National Disability Employment Awareness Month

In Tuesday’s blog I wrote about my son Ryan’s Workforce Training Program at the Barber National Institute as the first step on his journey to employment.  For persons with disabilities, this journey is challenging.  We have included persons with disabilities in our schools, yet there remains a lack of inclusion in the workforce.  According to the U.S. Bureau of Labor Statistics (BLS) news release issued June 8, 2012, only 18% of persons with disabilities are employed.  We cannot allow this to continue and must remain vigilant and focused on the task of building a diverse workforce.

President Obama recently proclaimed October as National Disability Employment Awareness Month. The theme is “A Strong Work Force is an Inclusive Workforce; What Can You Do?” Persons with disabilities have many talents, skills and a demonstrated strong work ethic that leads to success in the work place both for them and their employers.

I believe that each of us should consider this charge. So, “What Can You Do?” You can welcome persons with disabilities as coworkers and recognize each for his or her abilities. Employers, visit the Society for Human Resource Management Disability Employment Resource Page  for information on good practices for hiring and supporting persons with disabilities.   Businesses in the Erie region can also contact the Supported Employment program at the Barber National Institute at 814-878-4085 or visit the Supported Employment web page.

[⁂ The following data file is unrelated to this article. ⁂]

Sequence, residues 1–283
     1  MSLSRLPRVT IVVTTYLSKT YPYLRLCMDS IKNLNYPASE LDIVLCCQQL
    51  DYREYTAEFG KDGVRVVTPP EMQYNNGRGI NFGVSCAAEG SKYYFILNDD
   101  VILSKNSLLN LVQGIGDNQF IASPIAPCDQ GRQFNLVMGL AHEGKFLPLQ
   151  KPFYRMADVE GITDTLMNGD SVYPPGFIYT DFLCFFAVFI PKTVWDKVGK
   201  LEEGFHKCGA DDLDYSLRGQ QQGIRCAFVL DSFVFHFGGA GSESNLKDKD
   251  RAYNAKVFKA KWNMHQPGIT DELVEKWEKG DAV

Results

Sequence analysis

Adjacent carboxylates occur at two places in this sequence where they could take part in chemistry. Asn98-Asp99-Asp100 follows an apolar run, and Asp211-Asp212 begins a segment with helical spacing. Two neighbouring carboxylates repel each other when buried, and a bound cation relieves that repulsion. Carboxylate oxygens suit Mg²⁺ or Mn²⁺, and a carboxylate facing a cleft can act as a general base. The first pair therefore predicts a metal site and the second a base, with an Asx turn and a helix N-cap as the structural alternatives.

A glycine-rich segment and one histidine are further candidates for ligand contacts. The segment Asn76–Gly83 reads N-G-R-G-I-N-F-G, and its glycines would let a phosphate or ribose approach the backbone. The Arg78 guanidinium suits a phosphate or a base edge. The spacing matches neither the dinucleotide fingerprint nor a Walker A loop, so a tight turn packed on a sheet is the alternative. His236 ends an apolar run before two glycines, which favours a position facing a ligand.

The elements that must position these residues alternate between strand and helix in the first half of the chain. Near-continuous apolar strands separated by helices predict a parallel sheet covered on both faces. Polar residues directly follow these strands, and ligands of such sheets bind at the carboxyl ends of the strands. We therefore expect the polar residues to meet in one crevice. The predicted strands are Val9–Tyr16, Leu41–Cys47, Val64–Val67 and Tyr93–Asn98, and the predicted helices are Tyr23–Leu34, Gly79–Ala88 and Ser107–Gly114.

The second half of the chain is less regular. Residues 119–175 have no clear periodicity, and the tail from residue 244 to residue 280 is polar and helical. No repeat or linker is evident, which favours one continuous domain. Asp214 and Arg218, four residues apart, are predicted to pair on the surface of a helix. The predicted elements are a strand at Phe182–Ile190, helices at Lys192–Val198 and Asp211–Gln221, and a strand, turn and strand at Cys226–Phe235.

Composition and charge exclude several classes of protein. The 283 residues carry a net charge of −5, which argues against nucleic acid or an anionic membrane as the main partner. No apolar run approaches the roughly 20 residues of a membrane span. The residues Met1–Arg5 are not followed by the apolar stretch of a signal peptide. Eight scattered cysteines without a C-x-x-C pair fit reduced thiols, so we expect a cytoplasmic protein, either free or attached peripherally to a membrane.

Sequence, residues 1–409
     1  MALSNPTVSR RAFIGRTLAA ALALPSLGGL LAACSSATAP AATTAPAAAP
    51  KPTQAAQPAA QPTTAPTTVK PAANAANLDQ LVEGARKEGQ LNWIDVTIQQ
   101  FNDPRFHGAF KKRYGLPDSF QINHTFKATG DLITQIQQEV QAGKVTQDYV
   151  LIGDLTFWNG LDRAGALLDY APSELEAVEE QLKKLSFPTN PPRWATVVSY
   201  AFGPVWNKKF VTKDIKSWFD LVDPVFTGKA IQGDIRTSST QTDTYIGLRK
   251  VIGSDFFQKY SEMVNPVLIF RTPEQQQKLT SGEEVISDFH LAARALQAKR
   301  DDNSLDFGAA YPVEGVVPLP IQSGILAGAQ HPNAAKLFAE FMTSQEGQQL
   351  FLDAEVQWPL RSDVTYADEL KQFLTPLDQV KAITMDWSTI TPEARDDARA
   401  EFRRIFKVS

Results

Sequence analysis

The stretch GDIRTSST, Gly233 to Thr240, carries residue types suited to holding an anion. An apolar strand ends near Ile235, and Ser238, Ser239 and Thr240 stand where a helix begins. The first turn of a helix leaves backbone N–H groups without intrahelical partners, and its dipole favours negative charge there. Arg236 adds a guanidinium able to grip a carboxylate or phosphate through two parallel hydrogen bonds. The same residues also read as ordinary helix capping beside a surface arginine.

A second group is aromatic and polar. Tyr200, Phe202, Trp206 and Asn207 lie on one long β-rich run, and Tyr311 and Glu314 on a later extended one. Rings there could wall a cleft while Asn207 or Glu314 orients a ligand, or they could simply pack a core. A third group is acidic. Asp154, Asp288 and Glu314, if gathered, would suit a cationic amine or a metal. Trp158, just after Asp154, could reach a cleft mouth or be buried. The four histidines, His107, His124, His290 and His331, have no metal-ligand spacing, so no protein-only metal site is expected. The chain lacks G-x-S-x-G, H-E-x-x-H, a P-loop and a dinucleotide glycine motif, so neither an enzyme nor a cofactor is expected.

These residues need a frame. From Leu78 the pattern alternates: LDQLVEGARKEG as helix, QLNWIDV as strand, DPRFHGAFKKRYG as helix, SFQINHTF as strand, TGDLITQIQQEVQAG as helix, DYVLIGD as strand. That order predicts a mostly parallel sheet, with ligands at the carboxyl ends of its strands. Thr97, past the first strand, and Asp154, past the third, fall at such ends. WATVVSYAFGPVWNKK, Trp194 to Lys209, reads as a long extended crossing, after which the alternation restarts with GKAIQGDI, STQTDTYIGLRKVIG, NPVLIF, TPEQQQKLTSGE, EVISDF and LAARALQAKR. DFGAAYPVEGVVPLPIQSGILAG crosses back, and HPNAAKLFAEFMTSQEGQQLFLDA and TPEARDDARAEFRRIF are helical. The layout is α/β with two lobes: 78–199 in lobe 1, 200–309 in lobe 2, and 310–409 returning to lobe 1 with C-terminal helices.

Let’s rededicate ourselves to recognizing persons with disabilities as valued members of society personally and professionally. Together our future will be brighter and stronger.

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2 Responses to National Disability Employment Awareness Month

  1. Life&Ink says:

    Wow! I didn’t know this statistic. Thanks for sharing and for helping to create awareness. You have inspired me to follow some of these links and do a post myself. Thanks!

    • Thanks Charlotte for reading the blog and for your reply. This is a shocking statistic and so important to share in order to build awareness for parents and caregivers. The story of Teddy’s outing is similar in many ways to my story of Ryan. As he progressed through elementary school, I felt it was my responsibility to update and educate the regular ed teachers about autism and the strengths and challenges these children present. I appreciate your journey and look forward to reading your post. Stay in touch.

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